Best of the Best: Top 5 Best Actor Academy Award Winners

Oscar season is almost here, and to wet your appetites, I’ve chosen my top five Best Actor Oscar winners in history. Every man who wins or is nominated for a Best Actor Oscar deserves recognition, but sadly, I’ve only got room for five.
Here are my top picks, in chronological order:

Laurence Olivier-“Hamlet”, Hamlet, 1948

Arguably one of the best actors ever, Olivier made the role of Hamlet his own, and the benchmark against which all other Hamlet and possibly all Shakespeare performances are compared. Olivier’s Oscar came from a genuine performance that came alive by pure talent, without any of the gimmicky devices used by actors today. His style of delivery, his darkness in the role and his subtle ability to bring out the human aspects of Hamlet mark him as one of the absolute best.

Sidney Poitier-“Homer Smith”, Lilies of the Field, 1963

One of Poitier’s lesser-known performances, but one of his best. Poitier was always able to capture the inner workings of a character, and this is no exception. His ability to capture the stubbornness and uncertainty in Smith, as well deal with the character’s humanity and prejudices-religion, race, gender, etc.- as well as his relationship with the nuns as an ex-soldier, is remarkable. You can feel the force of his performance almost physically. Watch his face and you’ll understand how he got that golden Oscar.

Marlon Brando-“Don Vito Corleone”, The Godfather, 1972

Does this win really need any explanation? Hello, it’s Marlon Brando. Only one of the greatest actors of all time, making a great comeback in the challenging role of the patriarch of an organized crime family. It’s not all shooting and shouting, either. Brando manages to keep Corleone from being over-the-top, and portrays a complicated man trying to do right by his family. The way he uses his eyes and simple gestures (and that weird slur of his) can give anyone shivers. It’s hard to explain to anyone who hasn’t seen it. Brando refused to accept the Oscar, but his performance gained him cult status as the ultimate fictional crime boss.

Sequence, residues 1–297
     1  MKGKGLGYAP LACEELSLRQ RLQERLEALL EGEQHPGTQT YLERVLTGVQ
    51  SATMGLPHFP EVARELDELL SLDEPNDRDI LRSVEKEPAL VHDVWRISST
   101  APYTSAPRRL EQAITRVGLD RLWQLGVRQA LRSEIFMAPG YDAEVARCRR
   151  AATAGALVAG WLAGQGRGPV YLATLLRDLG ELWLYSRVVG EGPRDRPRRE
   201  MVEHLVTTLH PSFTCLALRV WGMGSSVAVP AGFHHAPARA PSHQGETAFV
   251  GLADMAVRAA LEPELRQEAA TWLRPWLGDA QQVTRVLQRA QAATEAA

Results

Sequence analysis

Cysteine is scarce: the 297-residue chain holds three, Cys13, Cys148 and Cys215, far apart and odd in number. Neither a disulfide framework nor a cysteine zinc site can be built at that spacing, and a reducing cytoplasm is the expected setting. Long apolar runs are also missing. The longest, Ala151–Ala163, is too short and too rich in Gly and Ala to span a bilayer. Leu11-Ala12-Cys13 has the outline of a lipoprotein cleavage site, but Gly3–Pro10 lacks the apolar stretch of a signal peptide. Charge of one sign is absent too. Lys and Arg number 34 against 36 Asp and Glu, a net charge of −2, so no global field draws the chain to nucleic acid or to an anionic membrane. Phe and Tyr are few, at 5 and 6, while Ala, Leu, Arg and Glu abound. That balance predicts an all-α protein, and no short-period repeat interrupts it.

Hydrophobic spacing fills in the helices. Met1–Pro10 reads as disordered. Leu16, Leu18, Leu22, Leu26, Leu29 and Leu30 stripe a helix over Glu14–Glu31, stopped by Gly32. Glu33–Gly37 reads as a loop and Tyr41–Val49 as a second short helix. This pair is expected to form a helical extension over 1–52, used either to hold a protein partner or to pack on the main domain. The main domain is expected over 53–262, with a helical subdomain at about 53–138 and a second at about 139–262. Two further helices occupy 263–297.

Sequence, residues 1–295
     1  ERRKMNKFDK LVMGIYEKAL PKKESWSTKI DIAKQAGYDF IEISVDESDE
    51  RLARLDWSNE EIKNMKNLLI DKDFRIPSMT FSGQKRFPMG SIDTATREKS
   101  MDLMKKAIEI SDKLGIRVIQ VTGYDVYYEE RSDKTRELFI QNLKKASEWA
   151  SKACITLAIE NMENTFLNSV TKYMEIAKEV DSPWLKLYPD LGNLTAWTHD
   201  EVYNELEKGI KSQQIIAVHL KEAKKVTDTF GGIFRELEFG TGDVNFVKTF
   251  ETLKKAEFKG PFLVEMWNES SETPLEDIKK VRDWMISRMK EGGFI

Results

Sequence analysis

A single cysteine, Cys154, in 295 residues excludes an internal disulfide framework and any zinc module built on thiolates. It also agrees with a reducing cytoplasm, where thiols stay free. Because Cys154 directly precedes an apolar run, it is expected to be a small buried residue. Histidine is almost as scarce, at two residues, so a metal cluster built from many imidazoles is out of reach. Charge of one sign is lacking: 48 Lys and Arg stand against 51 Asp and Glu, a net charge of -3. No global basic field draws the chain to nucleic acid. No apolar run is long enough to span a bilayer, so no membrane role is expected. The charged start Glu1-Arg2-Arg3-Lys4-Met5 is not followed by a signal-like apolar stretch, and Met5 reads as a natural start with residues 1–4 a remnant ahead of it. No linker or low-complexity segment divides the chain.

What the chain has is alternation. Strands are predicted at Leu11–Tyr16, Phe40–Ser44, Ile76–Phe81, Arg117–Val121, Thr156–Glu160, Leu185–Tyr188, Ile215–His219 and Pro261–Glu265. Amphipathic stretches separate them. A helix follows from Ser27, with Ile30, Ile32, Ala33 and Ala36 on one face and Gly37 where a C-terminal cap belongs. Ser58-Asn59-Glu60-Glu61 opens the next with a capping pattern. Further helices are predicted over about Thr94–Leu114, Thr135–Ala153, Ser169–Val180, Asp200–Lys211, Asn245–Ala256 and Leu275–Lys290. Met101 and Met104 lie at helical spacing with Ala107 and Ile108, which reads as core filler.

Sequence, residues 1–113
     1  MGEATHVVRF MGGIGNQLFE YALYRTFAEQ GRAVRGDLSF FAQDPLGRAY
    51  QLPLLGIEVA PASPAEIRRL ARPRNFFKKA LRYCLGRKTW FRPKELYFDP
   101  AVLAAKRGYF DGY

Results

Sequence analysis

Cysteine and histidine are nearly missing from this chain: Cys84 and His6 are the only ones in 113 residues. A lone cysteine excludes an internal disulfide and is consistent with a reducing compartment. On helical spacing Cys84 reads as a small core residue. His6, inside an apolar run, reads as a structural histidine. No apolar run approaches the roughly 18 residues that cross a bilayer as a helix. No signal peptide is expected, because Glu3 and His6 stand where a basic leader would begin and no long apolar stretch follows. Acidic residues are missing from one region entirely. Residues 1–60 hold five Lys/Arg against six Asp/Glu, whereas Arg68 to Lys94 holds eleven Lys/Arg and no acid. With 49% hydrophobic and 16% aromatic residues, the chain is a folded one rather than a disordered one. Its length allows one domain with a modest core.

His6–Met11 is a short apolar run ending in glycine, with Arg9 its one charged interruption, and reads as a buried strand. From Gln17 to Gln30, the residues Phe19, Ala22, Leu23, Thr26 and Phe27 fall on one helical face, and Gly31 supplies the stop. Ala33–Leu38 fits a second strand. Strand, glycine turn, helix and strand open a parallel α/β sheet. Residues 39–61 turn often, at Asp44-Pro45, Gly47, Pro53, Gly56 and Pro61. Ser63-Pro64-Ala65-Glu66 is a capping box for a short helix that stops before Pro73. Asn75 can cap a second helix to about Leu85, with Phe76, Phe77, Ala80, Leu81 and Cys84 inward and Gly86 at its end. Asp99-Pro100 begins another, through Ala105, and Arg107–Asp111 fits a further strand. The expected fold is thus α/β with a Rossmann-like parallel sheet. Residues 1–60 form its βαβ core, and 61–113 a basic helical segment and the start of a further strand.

Daniel Day Lewis-“Christy Brown”, My Left Foot, 1989

This has to be one of the most physically demanding roles ever to win an Academy Award. The story is based on a true story; Lewis plays a man affected by cerebral palsy, who only has the use of his left foot, and the way he threw himself into the role had to exhausting both physically and mentally. It would be difficult to portray Brown without any physical impediment, and the fact that Lewis can do that and keep the focus not on the body but really on the character himself is astounding. He manages instead to focus on what it means to be this man, frustrated by his family and his inabilities, and his treatment by others. The character’s emotion and the struggle to be who he wants to be are remarkably powerful, and it would have been almost unthinkable to not give this performance an Oscar.

Tom Hanks-“Andrew Beckett”, Philadelphia, 1993

Here was another performance that just had to win the Academy Award. Hanks portrayed a role outside the comfort zone of the public, and struck all the right chords, creating a character that was pathetic but not necessarily pitiable, incredibly weak and incredibly strong, and who just came off the screen. His face is so incredibly expressive in this movie. He made it all so real and didn’t shy away from showing us a reality that you don’t have to agree with to believe. When an actor puts everything into a movie like this, he deserves the Oscar.

Whew. Finished. There you have it, my Best Actor Top 5, in which I tried to be objective, so try to be nice about my choices. Picking the best of anything is difficult. So now that I’ve finished my Best of the Best, I can sit back and relax until the Academy Awards arrive and wait to see who gets the golden Oscar statuette this year, putting their names up with the best actors, actresses, and movies of all time. For detailed information on any of these actors movies, visit the Internet Movie Database (IMdB) or the Academy of Motion Picture Arts and Sciences.